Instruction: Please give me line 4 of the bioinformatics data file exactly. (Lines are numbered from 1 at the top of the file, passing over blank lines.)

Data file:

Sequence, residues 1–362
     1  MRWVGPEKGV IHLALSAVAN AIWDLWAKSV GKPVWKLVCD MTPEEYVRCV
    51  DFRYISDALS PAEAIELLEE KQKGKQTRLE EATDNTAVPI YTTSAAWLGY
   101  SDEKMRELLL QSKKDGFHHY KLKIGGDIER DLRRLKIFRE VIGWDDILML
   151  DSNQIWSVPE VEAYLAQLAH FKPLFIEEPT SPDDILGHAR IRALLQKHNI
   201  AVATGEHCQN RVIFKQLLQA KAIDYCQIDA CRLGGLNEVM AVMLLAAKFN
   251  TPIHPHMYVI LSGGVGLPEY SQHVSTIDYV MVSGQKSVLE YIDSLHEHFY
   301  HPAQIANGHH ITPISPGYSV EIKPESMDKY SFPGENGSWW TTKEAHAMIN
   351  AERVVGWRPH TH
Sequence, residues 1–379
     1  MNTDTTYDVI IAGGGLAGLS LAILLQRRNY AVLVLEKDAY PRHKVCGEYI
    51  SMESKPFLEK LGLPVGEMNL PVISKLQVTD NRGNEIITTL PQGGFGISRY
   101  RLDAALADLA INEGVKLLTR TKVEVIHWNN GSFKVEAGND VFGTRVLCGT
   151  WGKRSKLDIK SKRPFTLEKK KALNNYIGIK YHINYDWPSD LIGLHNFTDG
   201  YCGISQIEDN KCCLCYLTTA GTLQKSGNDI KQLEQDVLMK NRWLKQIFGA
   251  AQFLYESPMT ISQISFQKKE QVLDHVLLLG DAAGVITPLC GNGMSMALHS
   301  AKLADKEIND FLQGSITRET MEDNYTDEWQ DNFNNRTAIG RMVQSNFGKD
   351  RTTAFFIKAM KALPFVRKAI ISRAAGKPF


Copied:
   101  SDEKMRELLL QSKKDGFHHY KLKIGGDIER DLRRLKIFRE VIGWDDILML